Constant access to anything makes it invisible. Gratitude brings it back into focus.
I live in the Rocky Mountains in beautiful British Columbia, Canada. I am surrounded by stunning natural beauty and encounter wild animals almost daily. I have often wondered if I’ve become complacent in my awe of this place until I was recently struck by a thought that cut deep into my existence.
On a recent road trip with my family I was daydreaming and gazing out the car window when out of the corner of my eye I caught sight of something common, but saw it with new eyes. What I saw was a group of tourists on the side of the road taking photos of a handful of bighorn sheep. As I watched the visitors inch closer to the dangerous wild animals I was struck first with concern for their well being then harsh criticism over their response to something as banal as a herd of sheep. Rather than revel in the beauty of these majestic wild animals I was contemplating why anyone would ever want to photograph this roadside scene, nevermind risk their lives to do so?
This thought suddenly sent me back to the first time I ever saw a big horned sheep. As a 19 year old girl living in the majestic Jasper National Park in Alberta, I eagerly whipped out my camera every time I saw an elk, bighorn sheep, deer, and of course a bear. It was an awesome and new experience to cross paths with such animals and snapping a photo was part of the excitement. Those photographs live in a box somewhere and have long lost their luster, but for a time they hung on my walls and refrigerator and filled me with enthusiasm and appreciation for the place I temporarily called home.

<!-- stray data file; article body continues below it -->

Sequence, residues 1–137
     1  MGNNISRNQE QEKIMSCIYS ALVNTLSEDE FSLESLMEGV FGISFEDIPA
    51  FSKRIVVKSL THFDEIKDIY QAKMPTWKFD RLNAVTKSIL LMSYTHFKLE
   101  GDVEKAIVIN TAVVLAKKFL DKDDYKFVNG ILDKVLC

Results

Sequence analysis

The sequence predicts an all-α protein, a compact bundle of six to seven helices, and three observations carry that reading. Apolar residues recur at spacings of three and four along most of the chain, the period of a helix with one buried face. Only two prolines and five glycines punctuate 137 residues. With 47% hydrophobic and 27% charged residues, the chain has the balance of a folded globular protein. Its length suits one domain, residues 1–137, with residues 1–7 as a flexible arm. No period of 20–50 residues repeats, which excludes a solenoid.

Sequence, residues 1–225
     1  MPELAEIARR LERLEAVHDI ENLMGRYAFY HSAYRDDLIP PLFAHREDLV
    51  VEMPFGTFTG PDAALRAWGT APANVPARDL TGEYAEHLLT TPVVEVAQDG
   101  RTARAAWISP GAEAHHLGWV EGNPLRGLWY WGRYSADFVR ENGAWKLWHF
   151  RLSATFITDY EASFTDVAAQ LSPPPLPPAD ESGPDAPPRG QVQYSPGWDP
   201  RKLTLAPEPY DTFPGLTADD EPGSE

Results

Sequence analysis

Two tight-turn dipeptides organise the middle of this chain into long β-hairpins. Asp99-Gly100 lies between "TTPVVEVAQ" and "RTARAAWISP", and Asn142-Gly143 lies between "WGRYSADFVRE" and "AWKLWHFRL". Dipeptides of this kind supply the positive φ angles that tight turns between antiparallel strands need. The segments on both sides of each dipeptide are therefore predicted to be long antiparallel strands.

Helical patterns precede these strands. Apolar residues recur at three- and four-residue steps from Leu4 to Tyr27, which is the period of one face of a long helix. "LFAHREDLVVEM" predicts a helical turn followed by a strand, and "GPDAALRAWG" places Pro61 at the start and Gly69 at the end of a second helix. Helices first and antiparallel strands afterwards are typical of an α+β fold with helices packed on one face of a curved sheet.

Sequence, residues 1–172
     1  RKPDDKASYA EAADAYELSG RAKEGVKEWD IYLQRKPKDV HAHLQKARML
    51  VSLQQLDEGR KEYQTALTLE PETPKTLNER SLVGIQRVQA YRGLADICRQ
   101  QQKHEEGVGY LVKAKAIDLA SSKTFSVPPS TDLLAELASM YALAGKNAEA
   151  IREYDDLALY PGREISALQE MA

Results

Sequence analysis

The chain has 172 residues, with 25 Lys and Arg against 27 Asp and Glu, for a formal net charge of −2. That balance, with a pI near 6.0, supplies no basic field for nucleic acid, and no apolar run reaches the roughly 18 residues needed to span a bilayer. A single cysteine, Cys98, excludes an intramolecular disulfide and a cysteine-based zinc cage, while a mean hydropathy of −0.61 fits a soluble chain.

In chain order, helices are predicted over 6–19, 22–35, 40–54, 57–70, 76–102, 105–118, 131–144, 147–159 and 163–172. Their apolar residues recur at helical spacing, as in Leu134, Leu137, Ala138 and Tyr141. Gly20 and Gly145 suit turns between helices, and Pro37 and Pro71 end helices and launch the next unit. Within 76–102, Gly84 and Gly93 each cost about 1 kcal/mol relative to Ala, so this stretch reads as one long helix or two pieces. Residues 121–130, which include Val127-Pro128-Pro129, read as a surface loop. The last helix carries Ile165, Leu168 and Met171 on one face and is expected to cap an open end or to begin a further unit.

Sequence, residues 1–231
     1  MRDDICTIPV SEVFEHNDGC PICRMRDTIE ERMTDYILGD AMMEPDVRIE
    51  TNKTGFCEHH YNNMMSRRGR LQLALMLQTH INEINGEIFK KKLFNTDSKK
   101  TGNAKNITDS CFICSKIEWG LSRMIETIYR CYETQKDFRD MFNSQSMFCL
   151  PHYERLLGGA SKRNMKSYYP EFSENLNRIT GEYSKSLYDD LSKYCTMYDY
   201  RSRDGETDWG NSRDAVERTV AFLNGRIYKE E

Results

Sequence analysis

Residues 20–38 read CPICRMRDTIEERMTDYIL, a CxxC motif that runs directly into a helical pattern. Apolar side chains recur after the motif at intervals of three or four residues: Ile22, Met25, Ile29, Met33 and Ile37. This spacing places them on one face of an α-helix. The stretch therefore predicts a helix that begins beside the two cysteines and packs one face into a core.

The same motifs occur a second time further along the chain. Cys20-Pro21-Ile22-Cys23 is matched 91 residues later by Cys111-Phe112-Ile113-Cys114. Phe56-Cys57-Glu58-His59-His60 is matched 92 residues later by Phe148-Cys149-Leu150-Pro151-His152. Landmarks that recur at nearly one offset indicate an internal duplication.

When did it change? At what point did this experience go from awesome to ordinary? Why do I so easily criticize people for doing the exact same thing I did years ago? As I followed this thought I realized that there was a profound lesson here.
Why does the newness of something dictate its value? Perhaps our conditioning to want the next and the newest and the best and the brightest has eroded our ability to value what we already have. Would escaping this paradigm not alleviate some of the pressure to constantly work to accumulate and obtain?
What I realized in that moment was that access creates invisibility. When we have constant, never ending access to anything it loses its value. Constant access to money reduces the value of each dollar. Constant access to love can make it so invisible that we take it for granted. Living in a place without war makes peace invisible.
I don’t want to ever lose sight of what is true and what is right and what is important no matter how accessible it is to me. The best way to do this is to practice daily gratitude. Gratitude opens the heart and the eyes to things we already have and brings the invisible back into focus. When we take time to really appreciate the things that are presently in our life we direct our attention to what we love rather than focusing on what is missing.
So to those eager tourists I say a humble namaste and thank you for reminding me to appreciate all that lies in front of me.
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